I recently read The Maze at Windermere. It was really five short stories in serial form that were all centered on Newport Rhode Island in five different times. I was captivated by the fifteen and a half year old Quaker girl from 1692. Her story was written as a diary. She was recently orphaned with a three year old sister and a slave girl that she owned. She took things into her own hand and overcame all the obstacles to keep everyone happy and with a bright future.

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The structure of the book sounds interesting as does the story that captivated you. I'm now wondering if certain books speak to certain personality types. Do you notice if you are drawn to particular subjects or genres?

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I purposely pick a variety of books and genres. So I can't say this applies, but it may. All five stories in this book were quite different in style and subject, but this is the one that kept me looking forward to reading.

The personality test seemed quite accurate.

BTW: I own the book and was going to put it in one of the local LFLs. I can send it to you if you want, and you can do the same.

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I hope you are recovering well Betsy. I saw that one of your notes was posted from the dentist’s chair and that piqued my curiosity. This post brought up so much for me which was surprising since I didn’t know teeth could do that. Thank you!

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Betsy, thank you so much for featuring my memoir, "When Your Heart Says Go" in Spark. I am delighted. Honored. Giddy. And so pleased to be mentioned in the same paragraph as Jennifer Silva Redmond and her new memoir, "Honeymoon at Sea." Our stories have much in common as your introduction says. Thank you for all you do for authors, writers, and readers.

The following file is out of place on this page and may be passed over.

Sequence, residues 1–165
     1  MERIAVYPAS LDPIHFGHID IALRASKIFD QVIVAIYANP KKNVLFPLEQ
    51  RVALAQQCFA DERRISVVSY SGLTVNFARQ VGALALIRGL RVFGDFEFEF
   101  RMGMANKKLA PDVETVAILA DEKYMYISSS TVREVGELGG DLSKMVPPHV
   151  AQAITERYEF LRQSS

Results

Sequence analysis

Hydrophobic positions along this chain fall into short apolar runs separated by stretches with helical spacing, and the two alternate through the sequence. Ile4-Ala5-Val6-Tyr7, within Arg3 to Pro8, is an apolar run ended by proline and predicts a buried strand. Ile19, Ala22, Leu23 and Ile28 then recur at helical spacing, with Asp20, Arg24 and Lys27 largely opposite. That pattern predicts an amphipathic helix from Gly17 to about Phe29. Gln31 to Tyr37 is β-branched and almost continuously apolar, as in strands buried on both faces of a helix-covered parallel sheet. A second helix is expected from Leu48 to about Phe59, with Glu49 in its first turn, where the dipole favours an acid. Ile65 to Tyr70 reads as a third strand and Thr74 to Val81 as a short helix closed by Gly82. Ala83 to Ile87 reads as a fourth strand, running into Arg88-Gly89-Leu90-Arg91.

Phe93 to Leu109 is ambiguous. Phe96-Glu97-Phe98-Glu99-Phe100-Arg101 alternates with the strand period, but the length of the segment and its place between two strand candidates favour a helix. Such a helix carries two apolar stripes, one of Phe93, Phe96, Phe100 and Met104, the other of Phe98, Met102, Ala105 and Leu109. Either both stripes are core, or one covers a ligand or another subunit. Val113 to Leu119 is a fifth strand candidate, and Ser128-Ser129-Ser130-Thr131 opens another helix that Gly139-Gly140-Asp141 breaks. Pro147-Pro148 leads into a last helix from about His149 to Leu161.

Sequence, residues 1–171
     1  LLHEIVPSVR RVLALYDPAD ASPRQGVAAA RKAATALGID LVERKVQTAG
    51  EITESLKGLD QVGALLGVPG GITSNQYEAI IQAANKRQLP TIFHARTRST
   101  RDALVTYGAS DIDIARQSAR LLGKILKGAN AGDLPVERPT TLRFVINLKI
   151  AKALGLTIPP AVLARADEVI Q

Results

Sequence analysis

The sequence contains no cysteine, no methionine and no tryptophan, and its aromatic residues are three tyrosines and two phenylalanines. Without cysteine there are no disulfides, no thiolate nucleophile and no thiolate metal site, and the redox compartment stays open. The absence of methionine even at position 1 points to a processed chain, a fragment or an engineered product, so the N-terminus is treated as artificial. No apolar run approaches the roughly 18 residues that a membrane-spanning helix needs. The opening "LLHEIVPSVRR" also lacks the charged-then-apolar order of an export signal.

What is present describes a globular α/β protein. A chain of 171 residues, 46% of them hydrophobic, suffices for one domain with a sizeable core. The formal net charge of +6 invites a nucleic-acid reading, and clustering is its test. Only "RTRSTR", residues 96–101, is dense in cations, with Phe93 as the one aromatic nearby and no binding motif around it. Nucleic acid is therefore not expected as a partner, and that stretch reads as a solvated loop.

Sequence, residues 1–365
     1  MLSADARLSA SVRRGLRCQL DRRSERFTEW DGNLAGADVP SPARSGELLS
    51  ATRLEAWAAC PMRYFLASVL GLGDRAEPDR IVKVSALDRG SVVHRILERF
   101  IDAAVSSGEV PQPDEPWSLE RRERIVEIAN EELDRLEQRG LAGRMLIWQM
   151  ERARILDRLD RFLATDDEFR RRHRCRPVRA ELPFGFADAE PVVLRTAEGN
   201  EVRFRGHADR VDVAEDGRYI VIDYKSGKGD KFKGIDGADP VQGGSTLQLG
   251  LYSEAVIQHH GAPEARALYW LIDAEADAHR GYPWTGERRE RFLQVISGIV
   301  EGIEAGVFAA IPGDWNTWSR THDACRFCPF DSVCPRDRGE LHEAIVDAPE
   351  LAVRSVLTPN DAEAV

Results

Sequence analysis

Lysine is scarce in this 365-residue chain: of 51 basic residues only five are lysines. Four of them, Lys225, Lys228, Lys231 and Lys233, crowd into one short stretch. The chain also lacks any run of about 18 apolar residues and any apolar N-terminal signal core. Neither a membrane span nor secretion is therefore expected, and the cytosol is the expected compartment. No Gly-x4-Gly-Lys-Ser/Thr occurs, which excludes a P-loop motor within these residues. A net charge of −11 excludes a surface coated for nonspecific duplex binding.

Wishing you all kinds of good health and recovery from what is being done to your teeth. All of it sounds so painful.

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I had a horrible overbite when I was a kid that was thankfully fixed with braces. I used to grind my teeth when I had a stressful job. Once I left the job, the teeth grinding stopped. The only other thing I've geen guilty of is brushing my teeth too hard. Sigh. (on the subject of books, I absolutely hated Baby Teeth by Zoje Stage)

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I've never read "Baby Teeth" but now I'm curious...I didn't have braces when I was a kid but I had a gap between my two front teeth -- three of the five of us kids did. A dentist removed the skin between my teeth and they went together. For months, my upper lip was so swollen, I looked like Donald Duck. I'm glad the job and the grinding both ended!

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Although I was leery to read anything else by her, I have liked the books she's written after Baby Teeth. Our kids needed braces too. My husband had a gap between his 2 top teeth but even with removing the skin and braces, he still has it. I had no idea removing it would make your upper lip swell!

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Sep 9, 2023Liked by Elizabeth Marro

She was a trooper.

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Sep 9, 2023Liked by Elizabeth Marro

Ah, yes, bruxism. Grinding teeth. I was doing it. too, and had my dentist make me a $450 tooth guard. Then I discovered that I had Lyme disease, and when that was treated (and cured) the bruxism stopped (along with the jaw spasms and muscle twitches). Now my dentist tells everyone who comes in with bruxism to get tested for Lyme.

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Wow, thanks for this. I will get it checked but I suspect it isn't true for me. If it were.that would mean that I've had Lyme since I was a kid and after watching two friends and family member deal with the long term version of the disease, I don't have any other symptoms.

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Sep 9, 2023Liked by Elizabeth Marro

I agree that it's highly unlikely that Lyme is the cause of your bruxism. But I wanted to put my experience out there in case other readers might have the symptoms I had.